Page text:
Employee fired after taking leave to care for terminally ill father

He missed his father’s death after his manager held him back at work

Employee fired after taking leave to care for terminally ill father

An employee in Singapore missed his father’s death after his manager delayed releasing him from work.

A week after the death, Syed Ahmad was fired after the manager reported to HR that he had taken many days of “unapproved” leave.

Syed Ahmad made a report to the Ministry of Manpower (MOM) in May 2020, where he was referred to TAFEP.

A spokesperson from TAFEP told local media that they were aware of the case and had engaged the company earlier this year.

“The employer acknowledged that they should have handled the matter more sensitively and empathetically,” the spokesperson told Mothership. “Especially in this situation which involved the impending loss of a loved one.”

TAFEP said that the employer had reached out to Syed Ahmad to apologise in person in August this year.

Read more: Tech giant offer new global benefit for family caregivers

Refused an ‘early release’ from work
In a Facebook post seen by HRD, the ex-employee of a company “located in the CBD area” shared a timeline of events of his unfortunate experience.

Syed Ahmad was at work covering for his colleague when a doctor called him around 9.40am, informing him that his terminally ill father “appeared unresponsive”. The doctor urged him to head down to the hospital “immediately to visit and have my final words and prayers” to his father.

He relayed the message to his operations manager but was told he can only be released from work at 4pm.

After some desperate negotiations, his manager agreed to compromise but did not let him off work at that instant. He insisted that Ahmad “remain for another one hour over the excuse that he needed me to help him clear his backlog”.

An hour later the doctor phoned again and said that his father had to be placed on life support. Ahmad once again pleaded to the manager but was refused the early release from work.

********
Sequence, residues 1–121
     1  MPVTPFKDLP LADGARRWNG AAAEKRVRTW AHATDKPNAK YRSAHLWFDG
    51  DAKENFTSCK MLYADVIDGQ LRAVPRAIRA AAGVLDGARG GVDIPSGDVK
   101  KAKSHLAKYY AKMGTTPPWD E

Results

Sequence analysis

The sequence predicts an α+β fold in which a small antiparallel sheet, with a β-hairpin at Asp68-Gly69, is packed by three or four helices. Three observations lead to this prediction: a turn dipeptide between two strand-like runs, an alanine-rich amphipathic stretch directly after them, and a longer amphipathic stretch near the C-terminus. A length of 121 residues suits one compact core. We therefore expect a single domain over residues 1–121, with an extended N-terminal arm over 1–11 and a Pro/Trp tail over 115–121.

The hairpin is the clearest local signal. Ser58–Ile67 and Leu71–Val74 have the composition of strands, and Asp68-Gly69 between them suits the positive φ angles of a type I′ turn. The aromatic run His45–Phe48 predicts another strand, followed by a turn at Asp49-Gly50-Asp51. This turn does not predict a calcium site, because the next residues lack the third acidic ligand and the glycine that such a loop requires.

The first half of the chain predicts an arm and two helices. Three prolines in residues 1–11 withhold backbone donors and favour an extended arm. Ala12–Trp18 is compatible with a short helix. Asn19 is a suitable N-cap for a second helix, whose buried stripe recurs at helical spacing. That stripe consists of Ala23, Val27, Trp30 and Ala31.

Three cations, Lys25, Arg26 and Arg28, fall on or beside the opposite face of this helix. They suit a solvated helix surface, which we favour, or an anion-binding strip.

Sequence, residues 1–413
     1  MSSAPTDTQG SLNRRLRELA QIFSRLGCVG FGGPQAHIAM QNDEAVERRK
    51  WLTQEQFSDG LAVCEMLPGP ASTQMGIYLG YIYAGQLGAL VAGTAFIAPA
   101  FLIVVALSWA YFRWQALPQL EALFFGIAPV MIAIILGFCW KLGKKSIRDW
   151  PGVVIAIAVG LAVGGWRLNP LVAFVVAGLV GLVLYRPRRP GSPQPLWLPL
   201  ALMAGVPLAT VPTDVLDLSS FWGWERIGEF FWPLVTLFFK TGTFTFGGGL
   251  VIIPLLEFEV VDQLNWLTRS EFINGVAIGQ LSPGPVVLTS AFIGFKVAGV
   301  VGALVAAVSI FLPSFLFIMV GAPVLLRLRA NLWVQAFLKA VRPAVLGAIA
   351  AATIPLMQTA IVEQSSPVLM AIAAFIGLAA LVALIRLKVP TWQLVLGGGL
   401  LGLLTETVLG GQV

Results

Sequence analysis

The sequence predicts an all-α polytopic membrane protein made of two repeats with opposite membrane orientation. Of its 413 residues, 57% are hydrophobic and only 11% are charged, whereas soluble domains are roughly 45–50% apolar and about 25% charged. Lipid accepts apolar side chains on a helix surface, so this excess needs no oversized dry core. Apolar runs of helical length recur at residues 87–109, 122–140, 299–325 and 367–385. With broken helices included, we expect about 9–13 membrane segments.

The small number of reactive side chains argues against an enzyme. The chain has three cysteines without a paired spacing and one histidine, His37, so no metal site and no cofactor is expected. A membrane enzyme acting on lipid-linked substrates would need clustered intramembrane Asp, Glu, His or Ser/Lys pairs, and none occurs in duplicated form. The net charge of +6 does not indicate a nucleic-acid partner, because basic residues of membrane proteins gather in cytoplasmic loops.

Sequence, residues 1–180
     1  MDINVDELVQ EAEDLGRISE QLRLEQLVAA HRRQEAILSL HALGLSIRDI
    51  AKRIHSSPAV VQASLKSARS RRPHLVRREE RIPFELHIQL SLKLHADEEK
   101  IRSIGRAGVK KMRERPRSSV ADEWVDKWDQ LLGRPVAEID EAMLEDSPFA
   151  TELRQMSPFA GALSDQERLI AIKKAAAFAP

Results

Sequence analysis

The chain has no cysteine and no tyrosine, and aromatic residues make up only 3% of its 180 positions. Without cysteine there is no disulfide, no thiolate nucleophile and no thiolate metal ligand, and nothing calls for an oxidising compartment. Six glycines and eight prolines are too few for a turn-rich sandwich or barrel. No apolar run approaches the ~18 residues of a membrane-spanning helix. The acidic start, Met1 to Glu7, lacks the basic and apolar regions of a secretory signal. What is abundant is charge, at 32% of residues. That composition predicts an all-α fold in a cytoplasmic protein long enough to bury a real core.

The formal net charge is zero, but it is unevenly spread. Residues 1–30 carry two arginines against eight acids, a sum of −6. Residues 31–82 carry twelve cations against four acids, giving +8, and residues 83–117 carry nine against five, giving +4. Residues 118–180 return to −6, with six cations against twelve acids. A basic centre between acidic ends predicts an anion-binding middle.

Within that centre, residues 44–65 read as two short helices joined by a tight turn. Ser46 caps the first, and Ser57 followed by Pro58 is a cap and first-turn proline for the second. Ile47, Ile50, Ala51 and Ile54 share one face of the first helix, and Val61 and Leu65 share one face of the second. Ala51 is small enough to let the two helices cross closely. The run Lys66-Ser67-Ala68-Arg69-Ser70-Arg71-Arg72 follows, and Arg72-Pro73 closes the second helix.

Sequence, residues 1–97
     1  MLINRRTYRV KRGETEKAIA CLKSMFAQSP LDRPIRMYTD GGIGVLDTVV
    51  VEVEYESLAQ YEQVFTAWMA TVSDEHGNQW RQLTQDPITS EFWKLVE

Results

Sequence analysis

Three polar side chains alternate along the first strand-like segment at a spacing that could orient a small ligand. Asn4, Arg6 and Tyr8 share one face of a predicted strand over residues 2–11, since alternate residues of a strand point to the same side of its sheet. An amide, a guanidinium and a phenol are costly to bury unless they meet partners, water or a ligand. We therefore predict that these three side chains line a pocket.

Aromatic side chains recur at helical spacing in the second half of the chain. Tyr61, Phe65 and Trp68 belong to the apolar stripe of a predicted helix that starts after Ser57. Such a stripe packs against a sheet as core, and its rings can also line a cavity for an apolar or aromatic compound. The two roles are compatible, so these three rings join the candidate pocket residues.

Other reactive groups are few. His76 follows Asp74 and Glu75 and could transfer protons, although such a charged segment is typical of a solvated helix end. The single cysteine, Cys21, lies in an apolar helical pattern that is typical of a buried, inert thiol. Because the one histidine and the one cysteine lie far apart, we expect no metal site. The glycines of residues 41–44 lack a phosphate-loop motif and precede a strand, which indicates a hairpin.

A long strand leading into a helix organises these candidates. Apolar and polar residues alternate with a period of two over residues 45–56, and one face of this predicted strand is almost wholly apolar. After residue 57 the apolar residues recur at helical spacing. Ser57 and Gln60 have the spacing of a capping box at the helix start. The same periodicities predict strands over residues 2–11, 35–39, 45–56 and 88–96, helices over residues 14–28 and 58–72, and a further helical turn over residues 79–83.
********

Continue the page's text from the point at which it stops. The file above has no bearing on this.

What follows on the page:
At 11.30am, Ahmad tried to reason with the manager once more, and was finally let off work. Unfortunately, while he was still en route to the hospital, the doctor called to inform him that his father had passed away.

Read more: Why HR should build a culture of empathy

Fired after HR complaint
A week after his father's death, Syed Ahmad said he was terminated by the company allegedly after the operation manager filed a complaint to HR that he had taken many days of “unapproved” leave.

Being the sole caregiver, he said the leaves were taken to care for his father for two weeks, leading up to the time he was hospitalised.

He added that he had submitted letters from medical specialists, to both HR and his manager, to justify his absence from work.

In the post, Syed Ahmad said he was “completely fine” with HR’s decision to fire him as he had been “longing” to leave the company for the past five years due to office politics.

He added that the company could have just terminated him while he was caring for his father, as it would have eased the situation on both sides.

He “sincerely accept” the termination but said that he could never forgive his manager who prevented him from being by his father’s side on his deathbed and fulfilling his final wishes.

Read more: Emergency leave benefit in Singapore: A guide

Have a ‘progressive’ emergency leave policy
In this scenario, open communication and understanding is key to maintain the employer-employee relationship.

What’s more, having a formal policy to help support employees’ caregiving responsibilities are “progressive” and encouraged, according to TAFEP.

Caregiving refers to attending the needs of immediate family members, for example if there’s a medical emergency. TAFEP has stated guidelines for this, instead of MOM.

“While employees are encouraged to use their annual leave first, you can provide additional unpaid leave to support them during such stressful periods,” said TAFEP.

Some guidelines include:

- Offering up to two weeks of unpaid leave per year for the caring of immediate family members who are hospitalised, during or after hospitalisation.

- Allowing employees to request for more leave if they require.

- Including the documentation of leave requests and responses.

- Notifying employees on the outcomes of leave requests in a timely manner.

“If a request cannot be granted, you should engage employees on the reasons and where possible, discuss suitable alternatives,” they said.

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